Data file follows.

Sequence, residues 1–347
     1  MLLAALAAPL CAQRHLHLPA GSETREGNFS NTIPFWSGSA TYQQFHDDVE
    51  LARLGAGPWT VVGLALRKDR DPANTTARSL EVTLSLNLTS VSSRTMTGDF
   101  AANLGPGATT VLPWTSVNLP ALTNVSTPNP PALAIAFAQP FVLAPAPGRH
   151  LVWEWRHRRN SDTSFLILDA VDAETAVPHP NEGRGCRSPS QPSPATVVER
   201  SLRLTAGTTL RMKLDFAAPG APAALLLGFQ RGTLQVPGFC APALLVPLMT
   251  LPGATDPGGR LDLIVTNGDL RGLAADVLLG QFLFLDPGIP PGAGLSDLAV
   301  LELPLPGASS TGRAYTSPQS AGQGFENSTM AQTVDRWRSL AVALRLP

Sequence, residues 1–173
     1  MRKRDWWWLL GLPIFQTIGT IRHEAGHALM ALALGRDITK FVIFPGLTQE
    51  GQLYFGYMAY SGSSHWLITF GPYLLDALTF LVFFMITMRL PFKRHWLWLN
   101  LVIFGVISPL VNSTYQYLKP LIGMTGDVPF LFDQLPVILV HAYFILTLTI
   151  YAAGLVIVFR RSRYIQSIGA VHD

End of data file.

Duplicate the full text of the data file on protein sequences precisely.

Sequence, residues 1–347
     1  MLLAALAAPL CAQRHLHLPA GSETREGNFS NTIPFWSGSA TYQQFHDDVE
    51  LARLGAGPWT VVGLALRKDR DPANTTARSL EVTLSLNLTS VSSRTMTGDF
   101  AANLGPGATT VLPWTSVNLP ALTNVSTPNP PALAIAFAQP FVLAPAPGRH
   151  LVWEWRHRRN SDTSFLILDA VDAETAVPHP NEGRGCRSPS QPSPATVVER
   201  SLRLTAGTTL RMKLDFAAPG APAALLLGFQ RGTLQVPGFC APALLVPLMT
   251  LPGATDPGGR LDLIVTNGDL RGLAADVLLG QFLFLDPGIP PGAGLSDLAV
   301  LELPLPGASS TGRAYTSPQS AGQGFENSTM AQTVDRWRSL AVALRLP

Sequence, residues 1–173
     1  MRKRDWWWLL GLPIFQTIGT IRHEAGHALM ALALGRDITK FVIFPGLTQE
    51  GQLYFGYMAY SGSSHWLITF GPYLLDALTF LVFFMITMRL PFKRHWLWLN
   101  LVIFGVISPL VNSTYQYLKP LIGMTGDVPF LFDQLPVILV HAYFILTLTI
   151  YAAGLVIVFR RSRYIQSIGA VHD